Economy[edit]

Southeast from Borgarnes toward Skarðsheiði over Borgarfjörður, November 2007.
Borgarnes - Von der Kirche über die Stadt.jpg

Kaupfélag Borgfirðinga (KB)[edit]

Kaupfélag Borgfirðinga was founded in 1904 as a mutual company. It was the biggest supplier of work in Borgarnes in the 20th century. Like among most local mutual companies (and members of SÍS, the Federation of Iceland Cooperatives Societies) in Iceland, Kaupfélag Borgfirðinga had shops, supermarkets, petrol stations, a slaughterhouse, a milk processing factory, a bakery, etc. under its name. KB also had shares in many other factories and companies in the Borgarnes area and elsewhere in Iceland. At the end of the 20th century, KB's financial powers and status began to decline and it was changed to a holding company called KB Borgarnesi EHF. The KB logo and trademark will no longer be used for what is left of KB's operations in the beginning of 2005.

Major industries in Borgarnes[edit]

Borgarnes is the center of commerce for a large part of western Iceland. The town's economy is mostly based on service to people traveling from Reykjavík, farmers and owners of summer houses in the countryside around the town, and also various industries.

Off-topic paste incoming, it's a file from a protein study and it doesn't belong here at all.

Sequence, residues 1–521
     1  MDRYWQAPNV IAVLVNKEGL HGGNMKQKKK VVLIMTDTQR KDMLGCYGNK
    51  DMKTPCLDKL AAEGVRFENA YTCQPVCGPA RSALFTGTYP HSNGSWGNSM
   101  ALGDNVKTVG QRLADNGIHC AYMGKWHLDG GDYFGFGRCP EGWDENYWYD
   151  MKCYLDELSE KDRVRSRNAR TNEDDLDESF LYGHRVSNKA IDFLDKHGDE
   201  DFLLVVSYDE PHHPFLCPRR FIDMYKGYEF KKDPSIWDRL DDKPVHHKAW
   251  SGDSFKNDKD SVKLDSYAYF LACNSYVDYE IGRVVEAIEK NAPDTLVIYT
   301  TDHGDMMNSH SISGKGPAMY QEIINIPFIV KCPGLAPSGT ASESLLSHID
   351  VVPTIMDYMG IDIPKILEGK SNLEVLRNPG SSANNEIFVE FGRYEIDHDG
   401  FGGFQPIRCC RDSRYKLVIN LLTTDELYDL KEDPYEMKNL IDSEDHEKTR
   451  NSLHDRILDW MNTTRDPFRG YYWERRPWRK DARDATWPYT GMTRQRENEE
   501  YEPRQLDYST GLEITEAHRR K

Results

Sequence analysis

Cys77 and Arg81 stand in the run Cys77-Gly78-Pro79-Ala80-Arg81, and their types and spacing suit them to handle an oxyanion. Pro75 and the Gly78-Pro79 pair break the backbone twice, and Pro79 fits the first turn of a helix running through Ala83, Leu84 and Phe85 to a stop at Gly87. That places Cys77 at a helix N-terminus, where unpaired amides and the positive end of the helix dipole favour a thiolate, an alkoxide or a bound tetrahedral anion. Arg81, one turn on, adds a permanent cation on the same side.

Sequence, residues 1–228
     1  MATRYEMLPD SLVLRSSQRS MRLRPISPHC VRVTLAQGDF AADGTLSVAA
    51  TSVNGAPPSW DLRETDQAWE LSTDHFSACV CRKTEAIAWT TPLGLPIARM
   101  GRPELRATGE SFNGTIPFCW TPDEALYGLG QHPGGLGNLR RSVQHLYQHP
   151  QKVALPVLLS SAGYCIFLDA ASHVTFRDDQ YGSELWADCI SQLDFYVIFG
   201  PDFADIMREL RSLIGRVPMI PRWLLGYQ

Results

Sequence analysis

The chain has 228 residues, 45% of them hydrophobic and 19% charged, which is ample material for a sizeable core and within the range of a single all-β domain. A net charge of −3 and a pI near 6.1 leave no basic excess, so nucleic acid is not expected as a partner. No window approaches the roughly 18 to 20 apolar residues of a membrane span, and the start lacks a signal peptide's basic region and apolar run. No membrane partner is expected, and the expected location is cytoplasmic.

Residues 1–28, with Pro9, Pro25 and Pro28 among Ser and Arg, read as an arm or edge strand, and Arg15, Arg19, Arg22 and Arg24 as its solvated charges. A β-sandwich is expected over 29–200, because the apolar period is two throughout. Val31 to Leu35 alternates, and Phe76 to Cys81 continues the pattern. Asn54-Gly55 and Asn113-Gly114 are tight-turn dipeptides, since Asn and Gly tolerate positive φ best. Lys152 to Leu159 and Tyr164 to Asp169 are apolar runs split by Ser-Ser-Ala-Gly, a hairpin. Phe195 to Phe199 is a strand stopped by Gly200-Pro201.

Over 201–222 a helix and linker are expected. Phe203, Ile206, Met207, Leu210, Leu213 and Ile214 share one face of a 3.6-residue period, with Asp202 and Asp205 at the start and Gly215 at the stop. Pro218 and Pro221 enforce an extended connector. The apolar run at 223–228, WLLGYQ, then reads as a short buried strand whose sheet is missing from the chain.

Shops and trading[edit]

Banking[edit]

Borgarnes - Kirche.jpg

Manufacturing[edit]

Climate[edit]

Climate data for Borgarnes
Month Jan Feb Mar Apr May Jun Jul Aug Sep Oct Nov Dec Year
Average high °C (°F) 2
(36)
3
(37)
3
(38)
7
(44)
11
(52)
13
(56)
16
(60)
15
(59)
12
(54)
7
(44)
3
(38)
3
(38)
7.9
(46.3)
Average low °C (°F) −4
(24)
−4
(24)
−3
(27)
−1
(31)
3
(37)
6
(43)
8
(46)
7
(44)
4
(40)
0
(32)
−3
(27)
−2
(28)
0.9
(33.6)
Precipitation mm (inches) 97
(3.8)
94
(3.7)
69
(2.7)
41
(1.6)
30
(1.2)
48
(1.9)
38
(1.5)
71
(2.8)
109
(4.3)
89
(3.5)
109
(4.3)
91
(3.6)
886
(34.9)
Source: Weatherbase [3]

Transportation[edit]

Borgarfjarðarbrú and Borgarnes

The second-largest bridge in Iceland, Borgarfjarðarbrú connects Borgarnes to Route 1 (the Ring Road) and connects it with other parts of the country. The Borgarnes Harbour has not been used for transportation for years so all transportation to and from Borgarnes is by land.